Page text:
(Series: “The Early Church of Jerusalem” post #6)
I’ve been writing some posts lately on the beginning of the church age, and I’ve now reached a place where I’d like to devote a couple of posts to the issue of speaking in tongues. I touched upon this issue briefly in the post “The First Sermon of the Church Age,” but now I’ll delve more deeply into it. And to get us started I’m going to use this post to ask and answer four basic questions about speaking in tongues.
Question #1: What Is Speaking in Tongues?
That group of approximately 120 of Christ’s followers who were first indwelt by/filled with the Holy Spirit manifested that filling by speaking in tongues (Acts 2:1-13). And what were those tongues? The story proves beyond all doubt that they were known languages those Christians had never learned. Acts 2:8-11 even provides a list of which languages were spoken. Furthermore, those foreign Jews who heard those tongues said of those Christians, “We hear them speaking in our own tongues the wonderful works of God.” You see, “tongues” is just another word for “languages.”
Question #2: Where Does the Bible Mention Speaking in Tongues?
The Acts 2:1-13 passage isn’t the only place where the Bible mentions Christian believers speaking in tongues. Here are the other passages:
- Acts 10:17-48 gives us the story of Peter traveling to Caesara and preaching the gospel to a group of Gentiles who are gathered in the home of a man named Cornelius. That story ends with those Gentiles receiving the Holy Spirit, speaking in tongues, and being baptized (Acts 10:44-48). The fact that those Gentiles spoke in tongues was significant because it showed that the Holy Spirit they received was the same Holy Spirit the Jews had received on that day of Pentecost (Acts 10:45-46).
- Acts 19:1-7 gives us the story of Paul encountering a group of approximately twelve “disciples” who evidently were disciples of John the Baptist rather than Jesus. When Paul asked them if they had received the Holy Spirit when they had believed, they answered, “We have not so much as heard whether there is a Holy Spirit” (N.K.J.V.). This prompted Paul to explain to them the difference between John the Baptist’s ministry and Jesus’ ministry. The group was then baptized, after which Paul laid hands on them. It was then that each member of the group received the Holy Spirit and consequently spoke in tongues.
- 1 Corinthians 12:10 lists speaking in tongues as one of the spiritual gifts the indwelling Holy Spirit imparts to Christians.
- In 1 Corinthians 14:18, Paul says, “I thank my God I speak with tongues more than you all.” (N.K.J.V.)
Question #3: Is Every Christian Supposed to Speak in Tongues?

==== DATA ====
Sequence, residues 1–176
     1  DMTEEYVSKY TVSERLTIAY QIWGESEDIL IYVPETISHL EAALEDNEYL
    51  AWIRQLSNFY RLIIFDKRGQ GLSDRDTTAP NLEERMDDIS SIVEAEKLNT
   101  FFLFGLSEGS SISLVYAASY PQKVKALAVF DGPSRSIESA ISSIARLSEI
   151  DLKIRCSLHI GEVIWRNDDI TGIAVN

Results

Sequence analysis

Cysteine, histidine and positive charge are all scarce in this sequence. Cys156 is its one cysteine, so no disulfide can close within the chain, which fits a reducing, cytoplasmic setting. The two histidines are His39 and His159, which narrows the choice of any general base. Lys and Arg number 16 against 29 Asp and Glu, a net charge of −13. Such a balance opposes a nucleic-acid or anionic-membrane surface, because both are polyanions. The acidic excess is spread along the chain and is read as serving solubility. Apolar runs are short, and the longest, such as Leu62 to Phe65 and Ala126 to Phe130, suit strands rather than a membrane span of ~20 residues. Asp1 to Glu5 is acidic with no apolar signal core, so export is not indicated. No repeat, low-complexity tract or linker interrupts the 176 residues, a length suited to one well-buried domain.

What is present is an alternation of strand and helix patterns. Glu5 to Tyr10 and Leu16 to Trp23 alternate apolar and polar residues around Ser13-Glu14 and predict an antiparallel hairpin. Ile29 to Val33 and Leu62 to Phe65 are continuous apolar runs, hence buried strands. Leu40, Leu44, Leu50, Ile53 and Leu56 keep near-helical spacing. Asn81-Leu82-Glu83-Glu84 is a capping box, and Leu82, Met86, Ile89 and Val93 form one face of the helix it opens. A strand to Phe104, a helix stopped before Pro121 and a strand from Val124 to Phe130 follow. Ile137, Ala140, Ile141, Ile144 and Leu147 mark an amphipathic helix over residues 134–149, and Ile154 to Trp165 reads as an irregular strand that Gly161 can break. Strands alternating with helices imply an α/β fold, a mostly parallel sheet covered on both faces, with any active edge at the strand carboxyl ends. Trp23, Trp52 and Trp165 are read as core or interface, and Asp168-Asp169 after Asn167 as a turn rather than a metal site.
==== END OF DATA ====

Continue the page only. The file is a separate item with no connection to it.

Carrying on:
Does the indwelling Holy Spirit grant to every Christian the ability to speak in tongues? No, He doesn’t. In 1 Corinthians 12:29-30, Paul asks a series of rhetorical questions, the implied answer to each of which is, “No.” The verses say (N.K.J.V.):
Are all apostles? Are all prophets? Are all teachers? Are all workers of miracles? Do all have gifts of healings? Do all speak with tongues? Do all interpret?
Question #4: What Are the Bible’s Rules in Regards to Speaking in Tongues
In 1 Corinthians chapter 14, Paul lays out definite rules regarding speaking in tongues. I offer these rules as the close to this post. They are as follows:
- Speaking in tongues is not meant as a sign to Christians to showcase the power of God to them. To the contrary, it is meant as a sign to lost people to showcase the power of God to them (1 Corinthians 14:22). This is exactly what happened with that first case of speaking in tongues that is described in Acts 2:1-13. Even Jesus Himself listed speaking in tongues as one of the signs that would follow those who believe in Him (Mark 16:17-18). Those signs would help convince unbelievers that the gospel message was truly from God.
- Because speaking in tongues is not meant as a sign to Christians, it makes perfect sense that no Christian should speak in tongues in a church service unless a fellow Christian who has the spiritual gift of interpreting the foreign languages (1 Corinthians 12:10) is present to provide the understanding (1 Corinthians 14:26-28). Without such an interpreter, the Christian speaking in tongues is basically just showing off because no one else in the service is getting anything out of what he is saying because they can’t understand his words (1 Corinthians 14:6-12; 18-19).
- In a church service, a woman should never speak in tongues under any circumstances (1 Corinthians 14:34-35).
- Even in a church service where a Christian with the spiritual gift of interpreting the foreign languages is present, no more than two or three Christians should speak in tongues (1 Corinthians 14:27).
- Even in a church service where two or three Christians speak in tongues, they should not all speak at the same time. Each one should take turns (1 Corinthians 14:27).
- Even in a church service where two or three Christians speak in tongues, just one Christian with the spiritual gift of interpretation should do the interpreting (1 Corinthians 14:27).
- In a church service, the spiritual gift of prophesying is preferable to the spiritual gift of speaking in tongues (1 Corinthians 14:1-5; 23-25; 39). The reason for this is simple. In prophesying, the words are spoken in the local language the people attending the church service speak. Thus, no interpretation is required and everyone in the service receives the blessing of hearing the prophesying. Of course, the opposite is true when the location is a foreign mission field rather than a church setting. On the mission field, speaking in tongues (the local language of that mission field) is preferable because the words of any prophesying must be filtered through the voice of an interpreter who knows both the language of the one doing the prophesying and the language of the locals.